WICHITA, Kan. (KSNW) — Operation Desert Storm was fought and won in 43 days — that swift victory was in large part due to the ground combat teams and the specialists who supported them.
“As a kid, you know, you know, I was always working on cars and stuff like that,” retired Army Staff Sergeant Aron Randle said.
As a child, Randle knew he wanted to join the military but hoped simultaneously to pursue something involving fixing cars. Years later, when he spoke to an Army recruiter, Randle was sold on the idea of joining when he learned he could be in the service while pursuing his passion for all things on wheels.
“It kind of went hand-in-hand with working on your own personal vehicle,” Randle said.
After joining at the age of 28 in 1980, Randle would become an Army Recovery Specialist — training for his role as an Army MOS 63F (or what Randle calls a ’63 Foxtrot’) at Fort Steward, Georgia.
“63 Foxtrot is more or less to you. It’ll be just like if a civilian, it’ll be just like a tow truck guy — so, it’s a tow truck on tracks,” Randle said.
Any fault his unit found with certain equipment would fill out a specialized report and turn it into Randle and the men working for him.
“I would ensure the company that I was with and the vehicle that I was going to be in charge of taking care of — these guys would do what we call a ’24-4′ maintenance report,” Randle said.
Aron would work on a wide range of recovery vehicles while in the Army. His favorite: the 57-ton M88.
“We had what we called a[n] ‘A frame’ that would hook up to your engine in the tank, then you would pull that engine out,” Randle said. “To me, after so many years, they were just like a big Tonka toy.”
While training at Fort Steward, Randle was met with a number of challenging situations when it came to recovering and repairing tanks.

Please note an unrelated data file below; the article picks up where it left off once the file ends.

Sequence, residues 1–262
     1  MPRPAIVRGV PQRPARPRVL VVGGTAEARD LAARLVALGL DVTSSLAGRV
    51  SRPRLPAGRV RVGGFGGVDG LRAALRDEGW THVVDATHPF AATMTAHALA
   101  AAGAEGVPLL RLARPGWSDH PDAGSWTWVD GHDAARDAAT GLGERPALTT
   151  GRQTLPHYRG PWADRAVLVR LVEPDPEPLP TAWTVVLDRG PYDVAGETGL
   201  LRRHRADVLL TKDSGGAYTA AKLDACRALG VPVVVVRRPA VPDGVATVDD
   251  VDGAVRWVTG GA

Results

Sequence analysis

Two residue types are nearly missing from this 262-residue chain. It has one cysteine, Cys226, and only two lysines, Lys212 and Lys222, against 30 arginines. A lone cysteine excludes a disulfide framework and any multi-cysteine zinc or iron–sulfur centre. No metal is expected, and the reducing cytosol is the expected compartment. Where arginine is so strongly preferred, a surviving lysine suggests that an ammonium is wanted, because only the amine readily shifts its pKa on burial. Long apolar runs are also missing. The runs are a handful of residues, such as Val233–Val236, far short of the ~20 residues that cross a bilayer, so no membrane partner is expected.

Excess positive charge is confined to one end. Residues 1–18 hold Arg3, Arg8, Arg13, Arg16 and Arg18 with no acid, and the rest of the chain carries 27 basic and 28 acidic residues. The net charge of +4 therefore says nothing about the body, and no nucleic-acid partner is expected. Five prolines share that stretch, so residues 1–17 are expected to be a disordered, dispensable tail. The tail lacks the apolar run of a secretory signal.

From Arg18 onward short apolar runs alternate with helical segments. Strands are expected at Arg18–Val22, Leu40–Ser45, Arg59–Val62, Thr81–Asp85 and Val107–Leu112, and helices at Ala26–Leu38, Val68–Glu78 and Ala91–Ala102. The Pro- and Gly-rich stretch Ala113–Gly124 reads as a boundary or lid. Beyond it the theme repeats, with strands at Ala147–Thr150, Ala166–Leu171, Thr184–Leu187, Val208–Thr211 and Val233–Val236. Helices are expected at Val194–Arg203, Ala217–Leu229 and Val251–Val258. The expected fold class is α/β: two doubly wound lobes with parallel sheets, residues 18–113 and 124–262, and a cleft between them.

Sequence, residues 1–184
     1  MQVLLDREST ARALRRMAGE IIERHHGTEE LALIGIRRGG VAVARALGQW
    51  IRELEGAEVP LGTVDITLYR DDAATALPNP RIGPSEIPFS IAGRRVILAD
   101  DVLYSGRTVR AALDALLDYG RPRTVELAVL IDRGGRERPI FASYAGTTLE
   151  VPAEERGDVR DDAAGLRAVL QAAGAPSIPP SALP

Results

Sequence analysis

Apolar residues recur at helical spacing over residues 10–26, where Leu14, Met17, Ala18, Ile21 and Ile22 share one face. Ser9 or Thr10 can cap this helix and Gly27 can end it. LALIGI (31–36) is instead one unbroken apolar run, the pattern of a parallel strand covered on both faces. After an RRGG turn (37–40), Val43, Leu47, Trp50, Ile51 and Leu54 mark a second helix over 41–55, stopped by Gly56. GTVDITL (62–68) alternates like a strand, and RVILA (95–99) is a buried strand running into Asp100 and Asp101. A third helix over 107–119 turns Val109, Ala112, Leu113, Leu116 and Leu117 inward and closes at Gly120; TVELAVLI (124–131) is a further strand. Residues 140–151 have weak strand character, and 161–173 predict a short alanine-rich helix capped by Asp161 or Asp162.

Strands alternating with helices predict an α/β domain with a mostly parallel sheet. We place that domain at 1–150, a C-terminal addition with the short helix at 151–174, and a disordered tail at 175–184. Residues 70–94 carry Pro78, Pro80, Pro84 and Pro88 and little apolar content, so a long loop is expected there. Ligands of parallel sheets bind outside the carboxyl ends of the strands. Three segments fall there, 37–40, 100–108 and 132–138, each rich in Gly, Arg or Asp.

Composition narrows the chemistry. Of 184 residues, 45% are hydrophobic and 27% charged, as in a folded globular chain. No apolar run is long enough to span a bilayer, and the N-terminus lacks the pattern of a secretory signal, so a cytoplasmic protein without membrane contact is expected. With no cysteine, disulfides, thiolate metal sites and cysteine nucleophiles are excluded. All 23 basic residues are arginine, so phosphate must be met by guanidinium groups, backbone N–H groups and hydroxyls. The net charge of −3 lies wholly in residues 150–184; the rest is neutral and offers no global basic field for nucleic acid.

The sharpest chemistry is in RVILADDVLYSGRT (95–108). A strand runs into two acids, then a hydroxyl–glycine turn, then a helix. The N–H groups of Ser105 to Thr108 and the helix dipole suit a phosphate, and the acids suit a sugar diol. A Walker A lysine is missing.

“Some vehicles would be turned over, and if all else fails, you just get it upright, hook it up to yours, and tow it back to where it’s safe,” Randle said.
Although Randle didn’t know it yet, his training would become a part of a bigger mission years in the making.
“Upkeep on those vehicles was vitally important because you never knew when, you know, you’re gonna have to go to war,” Randle said.
While Randle’s unit was constantly promised new equipment when the time to enter the battlefield arrived, Randle said this simply was not the case.
“The same thing you have in your unit right now is the piece of equipment that you’re going to be taking, taking to war with, so you have to keep them up at all times,” Randle said.
Randle’s training would be put to the test around the world, starting in Korea.
“I was stationed in what we call Second Division — it’s on the DMZ, so it’s pretty close to North Korea,” Randle said.
Randle would then go through extensive training in between Nuremberg and Frankfurt in the midst of the Cold War. At one point, Randle would visit Berlin after the fall of the Berlin Wall.
“Comparing the two of them was just like night and day because the Russians had just took and destroyed everything,” Randle said.
Then, in early 1991, Randle would be sent to Saudi Arabia to help the men on the front lines.
“Every vehicle that goes out is going go out on its own, and is gonna return on its own, so that was, you know, kinda the motto I had,” Randle said.
Overall, Randle would serve for 13 years and six months in the Army. He would retire an E-6.
“I can honestly say, you know, being in the Army was, was great for me,” Randle said.
If you would like to nominate a veteran for our Veteran Salute, email KSN reporter Hannah Adamson at email@example.com.